Survivors


13 Feb
13Feb

The road was bumpy, oh it was bumpy. The dust from the red dirt floating around us, like driving through an orange cloud. I sat squished between two of my intern friends in the back seat of a small SUV. The air conditioning made the car like a clear, breathable bubble floating bumpily down the road. As we passed through a slum I couldn’t help but notice how the red dirt has permanently left a thick layer on the trees and shacks, leaving them a rusty orange color.

We took the back roads to avoid mid-morning jam (traffic) in Kampala. We were traveling to a near by town to meet women who were old clients of IJM. They met together on this day every week in a support group that IJM had formed for them. All victims of the same crime—property grabbing, and all widows or orphans. These women were strong, these women were survivors. Some had been victimized by close family, others by strangers, but they all had one thing in common—they had prevailed. They were now in a business together, holding each other accountable for their part and using micro loans to make profits that sustained their families. This is what the aftercare ministry of IJM is for-- restoring survivors.

We sat with them and they sang songs; songs of thankfulness to God, thankfulness for IJM, and thankfulness for us. I felt undeserving of their gratitude, I had just arrived—what good have I done yet? And then the women spoke. Some knew English, some did not, but they each told their stories. Stories of heartbreaking loss, violence and in the end—justice.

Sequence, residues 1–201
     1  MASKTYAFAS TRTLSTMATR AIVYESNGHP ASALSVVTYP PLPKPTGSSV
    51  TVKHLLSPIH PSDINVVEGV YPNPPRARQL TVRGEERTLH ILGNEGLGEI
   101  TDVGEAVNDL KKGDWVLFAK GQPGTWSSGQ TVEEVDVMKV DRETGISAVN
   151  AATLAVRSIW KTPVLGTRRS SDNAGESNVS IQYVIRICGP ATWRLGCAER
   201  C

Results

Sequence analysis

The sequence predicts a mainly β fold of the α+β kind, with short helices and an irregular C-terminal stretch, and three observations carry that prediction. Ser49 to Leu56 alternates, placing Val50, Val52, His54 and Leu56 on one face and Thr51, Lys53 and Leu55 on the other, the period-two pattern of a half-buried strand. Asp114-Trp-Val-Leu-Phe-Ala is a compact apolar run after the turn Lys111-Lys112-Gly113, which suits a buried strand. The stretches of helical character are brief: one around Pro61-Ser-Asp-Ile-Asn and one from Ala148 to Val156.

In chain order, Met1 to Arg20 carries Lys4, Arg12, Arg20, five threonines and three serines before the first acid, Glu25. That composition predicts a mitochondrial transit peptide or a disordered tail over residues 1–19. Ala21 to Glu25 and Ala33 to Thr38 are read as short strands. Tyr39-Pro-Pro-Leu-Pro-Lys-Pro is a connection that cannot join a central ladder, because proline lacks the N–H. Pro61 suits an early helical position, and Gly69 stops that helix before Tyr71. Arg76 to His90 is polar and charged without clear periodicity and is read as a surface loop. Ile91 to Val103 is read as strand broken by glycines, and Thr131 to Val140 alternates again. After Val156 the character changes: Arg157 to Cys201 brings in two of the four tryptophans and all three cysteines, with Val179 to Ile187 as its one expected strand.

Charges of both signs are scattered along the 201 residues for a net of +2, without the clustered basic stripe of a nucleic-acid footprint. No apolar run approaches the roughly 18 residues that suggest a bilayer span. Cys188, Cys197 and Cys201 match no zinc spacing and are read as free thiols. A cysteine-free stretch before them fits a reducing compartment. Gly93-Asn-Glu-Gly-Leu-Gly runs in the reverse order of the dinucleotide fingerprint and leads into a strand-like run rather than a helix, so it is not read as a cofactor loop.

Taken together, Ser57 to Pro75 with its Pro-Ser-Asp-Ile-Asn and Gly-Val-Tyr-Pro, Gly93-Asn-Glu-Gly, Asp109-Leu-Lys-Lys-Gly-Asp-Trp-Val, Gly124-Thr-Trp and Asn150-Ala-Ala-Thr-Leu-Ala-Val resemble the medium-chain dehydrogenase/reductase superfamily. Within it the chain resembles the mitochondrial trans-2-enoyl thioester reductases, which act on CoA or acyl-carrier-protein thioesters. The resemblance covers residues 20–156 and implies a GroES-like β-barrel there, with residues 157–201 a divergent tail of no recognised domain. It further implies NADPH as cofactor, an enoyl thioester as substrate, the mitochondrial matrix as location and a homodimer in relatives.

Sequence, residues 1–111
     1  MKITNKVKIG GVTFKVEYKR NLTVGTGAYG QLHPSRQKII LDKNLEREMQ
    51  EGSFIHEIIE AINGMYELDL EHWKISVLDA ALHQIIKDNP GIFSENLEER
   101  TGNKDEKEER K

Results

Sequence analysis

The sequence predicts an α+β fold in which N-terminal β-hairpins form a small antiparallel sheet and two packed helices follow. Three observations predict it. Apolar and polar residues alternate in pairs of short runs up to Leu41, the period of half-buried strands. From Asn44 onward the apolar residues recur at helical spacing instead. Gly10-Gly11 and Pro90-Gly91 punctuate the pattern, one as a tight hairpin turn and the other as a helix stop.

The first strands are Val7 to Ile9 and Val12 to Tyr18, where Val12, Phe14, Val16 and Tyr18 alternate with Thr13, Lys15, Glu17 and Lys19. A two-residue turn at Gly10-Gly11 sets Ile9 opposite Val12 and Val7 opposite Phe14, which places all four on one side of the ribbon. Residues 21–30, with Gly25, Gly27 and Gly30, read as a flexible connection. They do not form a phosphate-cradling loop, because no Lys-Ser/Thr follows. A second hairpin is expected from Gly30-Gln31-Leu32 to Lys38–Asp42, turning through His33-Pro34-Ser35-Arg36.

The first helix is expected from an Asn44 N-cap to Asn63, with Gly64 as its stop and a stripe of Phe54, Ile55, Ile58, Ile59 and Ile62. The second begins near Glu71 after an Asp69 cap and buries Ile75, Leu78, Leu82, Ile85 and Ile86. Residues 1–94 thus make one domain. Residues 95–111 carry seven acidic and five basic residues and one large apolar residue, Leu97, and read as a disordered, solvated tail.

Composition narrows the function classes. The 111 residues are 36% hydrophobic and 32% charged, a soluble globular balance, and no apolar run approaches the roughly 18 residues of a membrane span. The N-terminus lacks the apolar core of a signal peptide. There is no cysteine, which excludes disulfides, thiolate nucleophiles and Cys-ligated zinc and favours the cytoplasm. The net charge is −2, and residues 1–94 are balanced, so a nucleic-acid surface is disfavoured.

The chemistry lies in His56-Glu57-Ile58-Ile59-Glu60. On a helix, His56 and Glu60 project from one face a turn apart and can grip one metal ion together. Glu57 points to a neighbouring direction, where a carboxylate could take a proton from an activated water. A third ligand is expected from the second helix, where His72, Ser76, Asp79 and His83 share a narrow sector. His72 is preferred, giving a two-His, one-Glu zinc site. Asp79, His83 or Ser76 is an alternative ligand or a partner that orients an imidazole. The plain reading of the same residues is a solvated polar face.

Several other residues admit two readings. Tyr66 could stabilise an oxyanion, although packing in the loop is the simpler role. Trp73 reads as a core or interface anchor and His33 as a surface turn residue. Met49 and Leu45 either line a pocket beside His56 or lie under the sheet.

Their wisdom was evident, written on the lines of their smiles. Their words were full of truth, from hard earned experience. The roads some of these women had walked in their lifetime were full of more than just orange dust, but violence, oppression and loss. Yet they told their stories with joy. Joy because God had seen them on their dusty roads and through the work of IJM, He had saved them.

One woman said, “IJM made me an empowered woman in the community. Now people seek advice from me. I am empowered because of IJM.”

And another woman ended her story by laughing and saying what she realized from it all is that, “Sometimes the person chasing you makes you realize where you are meant to go.”

I left with inspiration to last me much more than just the whole dusty ride home to Kampala.

The truth is that some roads are bumpy, filled with dust, darkness and seemingly unending. Some roads are clear as day with the wind at your back, filled with sunshine and happiness. Whatever your road looks like, we are called to walk it well. Whether someone is chasing you, or maybe you’re chasing yourself; maybe it’s a road that is fair and just, or maybe it feels like no one is watching out for you, like there is no fairness, no one has your back. If you’re on a road where you feel alone, you may be just like these women I met, before they received justice they were on a long, lonely road. What do I think these women would tell you? Don’t give up hope. The road may be long, it may seem unending, but have faith, God sees you on your bumpy road and your story isn’t over yet.

The day after our adventure to meet the survivors, I was in class (which I attend via facetime at 1 in the morning Uganda time) and I was reminded by my professor, “It’s not just that you get from point A to point B, it’s how you get there that shapes what you learned along the journey.” So-- take it all in, walk your road well, regardless of the dust and circumstance. Whatever road you are on, you are not alone.


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*The women in the photo above all consented to its use. To share the good news of what IJM is doing in empowering women globally.

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